When a friend of mine was looking for an unusual kind of joke gift for her husband’s birthday, I offered her one of the wallpaper books. Dad was excited and happy to pass it on. I didn’t have the heart to tell him it was a joke gift. Well, the joke was on me. My friend’s husband actually loved it.

I guess the political issue is a classic example of how you can always love someone and yet not like or agree with their attitudes or behavior. When it became clear Dad and I could no longer have a civil discussion, I was saddened but found comfort in remembering our spirited talks of long ago.

Karla tells me Dad had recently become as disillusioned as I was with the current state of affairs in our country. So there is hope. Perhaps Dad was coming more to the center. Just so you know, Dad, on Tuesday, I will, in your honor, be voting for a liberal.

Dad’s spiritual journey was as unique as the other facets of his life. He’d become recently captivated by a book on Native American spirituality (God is Red: A Native View of Religion by Vine Deloria Jr.) and seemed to find some comfort there. I’m pretty sure, according to his belief he has not gone to heaven. So where is he, I ask? I think his spirit is roaming the woods up north near Rhinelander where the hunting shack was located. He’s reliving those happy times with his hunter cronies, enjoying the scenery and still looking for that elusive deer. He’s having long soulful conversations with any and all Native American shamans who happen by, reading thoughtful passages from his personal sacred text.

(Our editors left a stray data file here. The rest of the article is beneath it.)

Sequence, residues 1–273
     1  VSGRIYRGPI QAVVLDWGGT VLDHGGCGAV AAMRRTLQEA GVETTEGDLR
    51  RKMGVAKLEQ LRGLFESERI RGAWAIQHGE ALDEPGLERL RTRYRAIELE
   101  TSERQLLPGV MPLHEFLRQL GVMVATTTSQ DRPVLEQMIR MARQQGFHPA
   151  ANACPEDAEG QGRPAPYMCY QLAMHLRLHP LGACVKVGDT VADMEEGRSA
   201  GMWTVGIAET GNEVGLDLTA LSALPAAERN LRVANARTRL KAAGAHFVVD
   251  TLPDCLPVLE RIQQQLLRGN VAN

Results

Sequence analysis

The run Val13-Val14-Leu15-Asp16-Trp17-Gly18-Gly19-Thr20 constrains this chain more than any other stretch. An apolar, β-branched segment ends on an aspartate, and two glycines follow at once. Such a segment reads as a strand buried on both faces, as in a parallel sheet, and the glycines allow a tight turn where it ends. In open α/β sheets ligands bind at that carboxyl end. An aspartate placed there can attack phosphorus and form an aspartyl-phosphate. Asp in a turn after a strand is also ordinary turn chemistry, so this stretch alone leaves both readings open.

The measure of a man’s life is often calculated by memories preserved through time. If this is a fact, Corky will be remembered by all of us as the serious, funny, truly remarkable man he was. Dad was a hard working police officer and responsible breadwinner, a dependable husband, a stern father and grandfather, a loyal friend and an honest person. He lived a very full life and leaves behind values and ideals that have been instilled into our lives.

Though it is very common to have differences with the important people in our lives, Dad has been a strong force and a powerful influence on each of us. And in this way, he will always be with us.